The first record of Ashtanga yoga occurs in the Yoga Korunta, an ancient yoga glossary-cum-manuel written by the sage Vamana Rishi. This system of yoga, which translates to “eight-limbed yoga” in Hindi, after the eight limbs of yoga described in the Yoga Sutras of Patanjali, is a form of hatha yoga that emphasizes vinyasa, the unity of posture, breathing, and gazing points, or dristhis. Unlike many systems of yoga, poses performed during an ashtanga series are never stationary; indeed, as much attention is paid to the transitions between poses as to the poses themselves. Because there is so much movement, you will sweat a lot in an ashtanga class. This is a good thing—ashtanga asanas are designed to purify the body and increase flexibility and muscle mass. There are six series in the ashtanga system:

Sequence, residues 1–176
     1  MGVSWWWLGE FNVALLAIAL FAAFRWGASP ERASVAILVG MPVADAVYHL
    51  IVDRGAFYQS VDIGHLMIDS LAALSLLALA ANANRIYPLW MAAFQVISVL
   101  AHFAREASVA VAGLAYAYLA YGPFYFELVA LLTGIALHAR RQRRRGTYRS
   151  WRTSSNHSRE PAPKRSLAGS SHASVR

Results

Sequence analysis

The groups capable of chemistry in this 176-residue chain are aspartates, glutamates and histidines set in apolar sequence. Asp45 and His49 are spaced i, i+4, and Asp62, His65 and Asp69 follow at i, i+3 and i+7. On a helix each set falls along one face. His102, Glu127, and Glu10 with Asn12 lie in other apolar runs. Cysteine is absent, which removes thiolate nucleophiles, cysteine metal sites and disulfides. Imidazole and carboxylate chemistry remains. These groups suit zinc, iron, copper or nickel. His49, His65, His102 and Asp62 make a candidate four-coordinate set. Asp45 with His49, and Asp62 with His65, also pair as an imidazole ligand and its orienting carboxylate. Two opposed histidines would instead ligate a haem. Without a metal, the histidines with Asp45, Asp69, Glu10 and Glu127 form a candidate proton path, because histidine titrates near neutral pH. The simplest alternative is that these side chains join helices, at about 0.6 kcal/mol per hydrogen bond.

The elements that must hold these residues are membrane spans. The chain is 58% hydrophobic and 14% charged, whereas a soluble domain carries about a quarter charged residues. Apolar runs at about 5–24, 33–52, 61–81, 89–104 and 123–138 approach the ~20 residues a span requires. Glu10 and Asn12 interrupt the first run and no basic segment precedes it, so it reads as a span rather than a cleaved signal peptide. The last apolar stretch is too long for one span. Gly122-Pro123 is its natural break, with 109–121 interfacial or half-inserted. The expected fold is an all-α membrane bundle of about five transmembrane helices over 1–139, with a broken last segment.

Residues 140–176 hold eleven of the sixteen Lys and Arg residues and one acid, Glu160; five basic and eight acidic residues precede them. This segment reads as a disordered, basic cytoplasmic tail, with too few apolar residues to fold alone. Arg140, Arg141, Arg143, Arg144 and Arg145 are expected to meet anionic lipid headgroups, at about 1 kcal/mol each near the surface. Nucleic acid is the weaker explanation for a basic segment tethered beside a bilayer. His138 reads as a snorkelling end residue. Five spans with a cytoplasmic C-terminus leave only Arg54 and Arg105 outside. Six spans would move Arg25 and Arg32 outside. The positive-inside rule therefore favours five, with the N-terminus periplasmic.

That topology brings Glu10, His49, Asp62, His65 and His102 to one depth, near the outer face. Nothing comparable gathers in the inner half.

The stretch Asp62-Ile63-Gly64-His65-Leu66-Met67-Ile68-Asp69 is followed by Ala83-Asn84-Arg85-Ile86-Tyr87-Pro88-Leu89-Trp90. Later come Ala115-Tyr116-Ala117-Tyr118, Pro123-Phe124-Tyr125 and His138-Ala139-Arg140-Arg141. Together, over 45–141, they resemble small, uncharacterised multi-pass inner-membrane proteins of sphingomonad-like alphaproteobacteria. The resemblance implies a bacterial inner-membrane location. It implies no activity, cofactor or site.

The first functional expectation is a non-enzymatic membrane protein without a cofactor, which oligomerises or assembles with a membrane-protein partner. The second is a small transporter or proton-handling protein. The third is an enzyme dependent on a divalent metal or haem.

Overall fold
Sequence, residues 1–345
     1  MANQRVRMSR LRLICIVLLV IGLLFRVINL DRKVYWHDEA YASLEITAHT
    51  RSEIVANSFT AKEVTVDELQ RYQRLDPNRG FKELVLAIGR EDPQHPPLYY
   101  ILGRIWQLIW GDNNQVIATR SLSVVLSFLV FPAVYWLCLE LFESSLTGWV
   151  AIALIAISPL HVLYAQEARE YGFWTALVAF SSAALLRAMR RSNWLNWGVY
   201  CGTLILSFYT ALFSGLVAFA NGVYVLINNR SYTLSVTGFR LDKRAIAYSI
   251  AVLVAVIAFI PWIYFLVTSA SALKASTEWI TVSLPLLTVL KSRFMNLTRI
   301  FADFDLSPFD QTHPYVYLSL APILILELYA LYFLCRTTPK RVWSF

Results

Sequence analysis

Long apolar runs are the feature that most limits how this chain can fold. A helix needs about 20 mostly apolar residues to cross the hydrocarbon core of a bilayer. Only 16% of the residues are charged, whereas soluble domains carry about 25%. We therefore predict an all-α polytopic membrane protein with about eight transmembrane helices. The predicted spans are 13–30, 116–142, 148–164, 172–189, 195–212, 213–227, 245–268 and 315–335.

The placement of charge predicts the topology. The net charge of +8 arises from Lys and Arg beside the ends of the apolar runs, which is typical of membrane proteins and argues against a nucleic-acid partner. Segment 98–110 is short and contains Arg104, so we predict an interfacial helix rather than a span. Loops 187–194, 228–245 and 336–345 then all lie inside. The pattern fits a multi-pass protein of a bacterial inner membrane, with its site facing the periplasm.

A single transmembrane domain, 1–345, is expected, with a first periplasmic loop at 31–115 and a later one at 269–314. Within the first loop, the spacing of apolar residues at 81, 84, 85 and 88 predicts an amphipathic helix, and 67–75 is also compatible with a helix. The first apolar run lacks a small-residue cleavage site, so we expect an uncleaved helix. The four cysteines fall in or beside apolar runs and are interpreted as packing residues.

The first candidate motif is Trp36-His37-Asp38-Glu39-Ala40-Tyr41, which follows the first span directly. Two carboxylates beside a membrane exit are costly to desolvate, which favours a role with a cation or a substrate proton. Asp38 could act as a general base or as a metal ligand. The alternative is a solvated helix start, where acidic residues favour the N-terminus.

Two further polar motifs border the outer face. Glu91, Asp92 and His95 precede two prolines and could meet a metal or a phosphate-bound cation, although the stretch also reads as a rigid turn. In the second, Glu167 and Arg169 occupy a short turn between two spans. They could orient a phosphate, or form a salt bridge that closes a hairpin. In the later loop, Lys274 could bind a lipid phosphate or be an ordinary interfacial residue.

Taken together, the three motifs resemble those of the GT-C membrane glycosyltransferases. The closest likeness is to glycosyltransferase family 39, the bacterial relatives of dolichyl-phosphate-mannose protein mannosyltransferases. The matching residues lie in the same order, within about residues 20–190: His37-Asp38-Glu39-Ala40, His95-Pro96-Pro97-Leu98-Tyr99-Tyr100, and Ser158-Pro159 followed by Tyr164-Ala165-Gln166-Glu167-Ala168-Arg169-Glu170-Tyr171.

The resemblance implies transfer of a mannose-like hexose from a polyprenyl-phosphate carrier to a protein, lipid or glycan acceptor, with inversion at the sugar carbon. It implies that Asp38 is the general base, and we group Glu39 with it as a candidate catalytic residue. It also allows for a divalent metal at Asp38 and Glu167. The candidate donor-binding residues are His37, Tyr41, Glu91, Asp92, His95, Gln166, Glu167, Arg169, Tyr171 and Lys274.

- Yoga Chikitsa, the beginning series, is a theraputic series whose 75 standing, seated, inversion, and back-bend poses focus on spine realignment, detoxification of the body, and strength-building. and students move through them independently.
- Nadi Shodana is the intermediate series, and is meant to purify and strengthen the nervous system and balance the body’s energy. Like yoga chikitsa, nadi shodana consists of sun salutations, standing, seated, inversion, and back-bend poses, but with more, and more challenging, variations.
- Sthira Bhaga is the collective name for the four advanced series, which are devoted to difficult arm and head balance and extreme flexibility, (poses include the contain poses like the Kaundinyasana and Ganda Bherundasana) and are suitable only for very experienced students.
Depending on your ability level, you may opt for a teacher-led Ashtanga class, (common in the first two series) or a Mysore, or self-led class, where you move through the series independently, with the teacher and other students around to offer advice.